At http://whatdoestheinternetthink.net you can actually find out what the internet’s global opinion is on a given search term: positive, negative or indifferent.
The site was live in January 2009 and went on to go viral twice; June/July 2009 and April 2012 (following a re-design and re-coding).
Since launching, this has sparked some discussion as to how it all works. Well, you can understand that I don’t want to disclose too much of the ‘algorithm’ of the site. However: basically it searches based on associative (so far just English) sentences. The given search term is used in these sentences which are then sent off to the various search engines, counting the amount of results returned. (Sentences are double quoted before they are sent off, so as to make sure the search-engines search for occurrences of the *whole* sentence).
This, of course, produces questionable results which should not be taken very seriously. However, the more results (hits) returned, the more reliable these results can become. Do a search for George Bush and then Barack Obama, and you’ll see that the internet is certainly not far off – or perhaps even in-sync – with the result you had in mind.
Velar Trill has written a very nice article on whatdoestheinternetthink, which is spot on. I suggest you read it, as it explains more on the connotation of searches.
This is a fascinating little application that uses Microsoft’s Bing search service to analyze perception of phrases based on the context they occur in across the interwebs. It sounds pretty fascinating, but any amount of testing will immediately reveal seemingly contradictory results like “the Internet hates Hitler, but loves Adolf Hitler” or “the Internet dislikes marijuana, but loves weed.”
So is whatdoestheinternetthink.net laughably broken? Far from it! This results are actually exactly what you’d expect, and it’s pretty clear why they happen. What these two apparent errors are an example of is what my LING 201 professor called “unspeak,” a phenomenon where words that ostensibly refer to the same thing have radically different connotations.[..]
So while whatdoestheinternetthink.net isn’t that useful for figuring out what the internet thinks (although it’s dead on when it comes to cats and 4chan), it could be very useful to linguists charting the development of the English language, or other languages if it ever bothers to index them.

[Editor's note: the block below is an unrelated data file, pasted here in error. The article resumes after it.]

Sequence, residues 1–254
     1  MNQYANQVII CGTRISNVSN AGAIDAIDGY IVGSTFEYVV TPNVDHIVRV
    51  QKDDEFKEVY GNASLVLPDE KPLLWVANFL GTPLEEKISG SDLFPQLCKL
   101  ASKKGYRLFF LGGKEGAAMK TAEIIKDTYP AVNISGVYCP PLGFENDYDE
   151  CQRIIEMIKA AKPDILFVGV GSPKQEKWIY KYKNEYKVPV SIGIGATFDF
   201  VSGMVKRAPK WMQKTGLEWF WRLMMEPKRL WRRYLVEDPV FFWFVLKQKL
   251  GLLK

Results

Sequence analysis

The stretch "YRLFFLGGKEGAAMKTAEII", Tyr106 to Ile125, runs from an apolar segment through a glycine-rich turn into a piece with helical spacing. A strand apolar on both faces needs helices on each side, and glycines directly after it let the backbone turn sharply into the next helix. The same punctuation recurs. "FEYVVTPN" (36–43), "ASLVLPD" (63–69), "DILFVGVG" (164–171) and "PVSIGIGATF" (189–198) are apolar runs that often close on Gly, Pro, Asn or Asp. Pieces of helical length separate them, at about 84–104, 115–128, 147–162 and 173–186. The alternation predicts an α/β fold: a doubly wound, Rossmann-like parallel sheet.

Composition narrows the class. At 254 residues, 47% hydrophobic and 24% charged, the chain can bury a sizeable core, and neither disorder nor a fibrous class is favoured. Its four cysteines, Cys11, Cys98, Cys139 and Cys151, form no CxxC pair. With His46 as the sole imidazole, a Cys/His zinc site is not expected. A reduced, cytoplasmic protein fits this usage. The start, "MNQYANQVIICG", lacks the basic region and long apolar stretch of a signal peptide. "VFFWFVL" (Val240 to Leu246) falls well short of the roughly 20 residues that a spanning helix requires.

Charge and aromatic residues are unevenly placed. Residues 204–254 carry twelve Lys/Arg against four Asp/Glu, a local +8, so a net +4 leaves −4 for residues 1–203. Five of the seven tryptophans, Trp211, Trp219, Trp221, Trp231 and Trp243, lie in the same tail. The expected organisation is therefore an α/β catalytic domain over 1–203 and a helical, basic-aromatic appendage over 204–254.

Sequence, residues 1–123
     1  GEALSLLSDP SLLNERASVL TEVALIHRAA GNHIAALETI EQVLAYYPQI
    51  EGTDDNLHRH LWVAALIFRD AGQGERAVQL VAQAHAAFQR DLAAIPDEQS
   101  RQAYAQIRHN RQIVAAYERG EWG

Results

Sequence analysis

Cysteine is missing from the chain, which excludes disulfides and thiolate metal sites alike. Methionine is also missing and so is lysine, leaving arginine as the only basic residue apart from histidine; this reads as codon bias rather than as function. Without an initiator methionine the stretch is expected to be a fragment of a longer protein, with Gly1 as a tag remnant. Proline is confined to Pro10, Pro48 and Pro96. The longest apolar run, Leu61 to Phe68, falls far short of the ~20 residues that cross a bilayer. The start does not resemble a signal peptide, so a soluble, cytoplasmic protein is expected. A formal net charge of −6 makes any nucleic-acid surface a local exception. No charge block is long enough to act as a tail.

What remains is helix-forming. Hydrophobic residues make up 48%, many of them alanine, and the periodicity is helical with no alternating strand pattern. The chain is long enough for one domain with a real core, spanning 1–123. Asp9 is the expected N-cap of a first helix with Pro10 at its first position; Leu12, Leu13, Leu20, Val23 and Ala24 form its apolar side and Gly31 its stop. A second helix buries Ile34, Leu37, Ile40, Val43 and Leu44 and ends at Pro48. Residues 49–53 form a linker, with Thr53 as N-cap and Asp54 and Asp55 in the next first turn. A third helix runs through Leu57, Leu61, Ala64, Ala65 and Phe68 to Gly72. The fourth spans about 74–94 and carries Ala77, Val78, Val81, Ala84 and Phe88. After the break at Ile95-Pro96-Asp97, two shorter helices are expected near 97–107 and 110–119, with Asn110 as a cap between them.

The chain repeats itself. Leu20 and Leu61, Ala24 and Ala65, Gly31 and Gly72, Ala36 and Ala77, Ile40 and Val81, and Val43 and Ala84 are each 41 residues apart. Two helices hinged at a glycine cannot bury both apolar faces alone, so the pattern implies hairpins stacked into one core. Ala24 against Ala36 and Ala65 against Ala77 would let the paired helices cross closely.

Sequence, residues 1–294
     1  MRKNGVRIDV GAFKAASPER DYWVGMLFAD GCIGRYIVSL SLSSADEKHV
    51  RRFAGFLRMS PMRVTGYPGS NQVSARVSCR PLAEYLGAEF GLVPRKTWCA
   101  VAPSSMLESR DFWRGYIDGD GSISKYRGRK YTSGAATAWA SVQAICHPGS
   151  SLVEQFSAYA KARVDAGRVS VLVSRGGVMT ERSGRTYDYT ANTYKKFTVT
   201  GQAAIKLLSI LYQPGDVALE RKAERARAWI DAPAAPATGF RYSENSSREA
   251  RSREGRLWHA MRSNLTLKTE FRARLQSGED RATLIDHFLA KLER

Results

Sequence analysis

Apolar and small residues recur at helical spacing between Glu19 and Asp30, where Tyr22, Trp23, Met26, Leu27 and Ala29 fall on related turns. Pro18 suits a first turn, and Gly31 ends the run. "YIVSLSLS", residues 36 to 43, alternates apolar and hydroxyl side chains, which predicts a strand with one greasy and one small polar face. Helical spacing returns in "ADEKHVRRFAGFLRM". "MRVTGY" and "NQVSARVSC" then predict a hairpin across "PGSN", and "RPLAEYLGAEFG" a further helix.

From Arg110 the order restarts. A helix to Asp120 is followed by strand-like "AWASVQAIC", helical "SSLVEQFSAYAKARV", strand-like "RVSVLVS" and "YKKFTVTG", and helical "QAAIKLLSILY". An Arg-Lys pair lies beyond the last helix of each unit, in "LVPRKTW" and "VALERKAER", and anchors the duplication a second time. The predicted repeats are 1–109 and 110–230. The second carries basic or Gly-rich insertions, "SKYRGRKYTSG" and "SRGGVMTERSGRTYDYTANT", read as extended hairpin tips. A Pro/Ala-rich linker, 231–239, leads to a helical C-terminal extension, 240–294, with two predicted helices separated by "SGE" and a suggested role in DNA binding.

Articles on (or using) whatdoestheinternetthink.net:
Is this doing actual semantic sentiment analysis or is it just counting Google results?
A bit of both, actually
I’m wondering how much the bubble Bing puts you in might affect the quality of your searches? Google puts you in a bubble as well, though DuckDuckGo doesn’t. However, their crawler bots won’t return as many hits on all the random phrases, I fear.
Really now. The Internet thinks Adolf Hitler and pedophiles are the new craze.
It’s a good introduction to the topic of Social Media monitoring! Nobody’s going to take the data too seriously but it’s certainly a useful free tool.
@2: A lawsuit? Really? You do realise whatdoestheinternethink.net would win that lawsuit, right?
Some results are good, some are funny, some are just plain ridiculous.
However I think you need to finetune your search algorithm where it concerns one word searches.
I do think that lawyers from google, yahoo or bing might slap you with a mighty lawsuit when seeing the following results:
Conclusion: The internet is mainly positive on the subject of incest, according to Google.
Conclusion: Even the internet is not quite sure about rape, according to Yahoo.
Conclusion: The internet is mainly positive on the subject of torture, according to Bing.
Hi, I love the idea behind the website. I’ve been chatting about it with my friends concerning the attitude towards religion on the internet. And I think we may have found a bug.
If you search Barack Obama (I know, nothing to do with religion) you get back over 2.5 milllion results with almost all of them being “Don’t Care” and it saying that no one has an opinion about Barack Obama on Twitter (I find this hard to believe).
But if you search just Obama, it looks like more realistic results (it was like a 60:40 split between positive and negative).
Anyways, I think it is a great idea and a great discussion starter. Just thought I would point out some wonky results. Thanks again!